On May 15, 2000, the U.S. Supreme Court rendered its decision on "United States v. Morrison (99-5)" and with a 5-4 vote struck down Civil Rights Remedy (42 U.S.C. ¤13981) of the Violence Against Women Act (VAWA; Pub. L. No. 103-322, ¤ 108 Stat. 1902 (1994)). This Civil Rights Remedy law had provided survivors of domestic violence and sexual assault the right to sue their assailants in civil federal court. The Civil Rights Remedy, and other parts of VAWA 1994, was passed to respond to U.S. Congressional findings confirming the pervasiveness of violence against women in the U.S. and acknowledging that at the state level, crimes against women were being responded to less seriously than other crimes.
In this case heard by the U.S. Supreme Court January 11, 2000, the Clinton Administration joined Brzonkala (a Virginia Tech student who sued the two male students she said raped her) to argue that U.S. Congress had the power to pass VAWA's Civil Rights Remedy because Congressional findings clearly show that violence against women effects interstate commerce, and the Congress has the right to regulate interstate commerce. However, in "United States v. Morrison", the U.S. Supreme Court determined that "gender-motivated" crimes are not included in the types of economic activity that are regulated by the U.S. Congress and in effect rejected the US congressional findings.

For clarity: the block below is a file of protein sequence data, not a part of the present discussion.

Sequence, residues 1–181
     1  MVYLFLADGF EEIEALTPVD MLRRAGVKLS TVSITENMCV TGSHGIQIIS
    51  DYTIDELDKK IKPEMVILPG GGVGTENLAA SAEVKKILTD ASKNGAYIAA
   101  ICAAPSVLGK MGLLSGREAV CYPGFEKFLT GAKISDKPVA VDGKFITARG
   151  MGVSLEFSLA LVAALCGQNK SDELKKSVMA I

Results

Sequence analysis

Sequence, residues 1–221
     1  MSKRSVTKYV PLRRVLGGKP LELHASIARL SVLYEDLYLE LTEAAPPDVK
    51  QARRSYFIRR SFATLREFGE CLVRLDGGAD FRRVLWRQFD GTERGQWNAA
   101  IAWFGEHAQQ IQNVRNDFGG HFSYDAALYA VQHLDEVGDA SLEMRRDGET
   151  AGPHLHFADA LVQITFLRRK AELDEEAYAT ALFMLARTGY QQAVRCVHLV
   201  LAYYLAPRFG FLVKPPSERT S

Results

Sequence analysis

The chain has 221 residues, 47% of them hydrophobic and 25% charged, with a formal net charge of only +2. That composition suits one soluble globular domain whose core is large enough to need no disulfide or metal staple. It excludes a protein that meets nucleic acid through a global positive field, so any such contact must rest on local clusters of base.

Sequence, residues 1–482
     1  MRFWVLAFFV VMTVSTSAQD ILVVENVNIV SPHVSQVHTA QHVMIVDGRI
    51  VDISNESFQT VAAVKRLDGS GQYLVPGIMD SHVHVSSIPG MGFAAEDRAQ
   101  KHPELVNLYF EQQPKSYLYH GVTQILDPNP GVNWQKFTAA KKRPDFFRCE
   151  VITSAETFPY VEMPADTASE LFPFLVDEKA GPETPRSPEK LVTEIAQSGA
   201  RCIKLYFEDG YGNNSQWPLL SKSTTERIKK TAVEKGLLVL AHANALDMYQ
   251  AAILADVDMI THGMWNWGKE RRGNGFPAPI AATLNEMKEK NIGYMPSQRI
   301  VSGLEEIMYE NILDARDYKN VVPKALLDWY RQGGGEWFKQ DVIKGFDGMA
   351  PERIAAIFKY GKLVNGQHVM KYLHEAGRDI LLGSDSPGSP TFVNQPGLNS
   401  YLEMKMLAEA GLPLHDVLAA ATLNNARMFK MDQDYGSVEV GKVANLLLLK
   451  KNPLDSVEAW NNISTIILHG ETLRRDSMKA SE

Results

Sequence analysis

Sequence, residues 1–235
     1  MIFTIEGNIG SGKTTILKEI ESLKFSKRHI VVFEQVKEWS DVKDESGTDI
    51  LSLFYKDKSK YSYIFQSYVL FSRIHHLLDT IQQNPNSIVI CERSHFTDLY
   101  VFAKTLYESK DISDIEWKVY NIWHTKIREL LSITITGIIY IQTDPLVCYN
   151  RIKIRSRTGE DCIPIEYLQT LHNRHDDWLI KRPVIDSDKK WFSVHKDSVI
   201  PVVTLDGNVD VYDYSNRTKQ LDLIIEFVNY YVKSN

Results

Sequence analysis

"United States v. Morrison (99-5)" decision continues a U.S" Supreme Court trend of placing limits on the U.S. Congress's ability to make laws that may be interpreted to intervene in traditional states' roles. Cases that led to this U.S. Supreme Court decision include: "Brzonkala v. Virginia Polytechnic Institute, No. 96-1814 (4th Cir. 1999)" decided in the U.S. Fourth Circuit Court of Appeals on March 5, 1999, and "Brzonkala v. Virginia Polytechnic, et al," in the U.S. District Court, Western District of Virginia on July 26, 1996.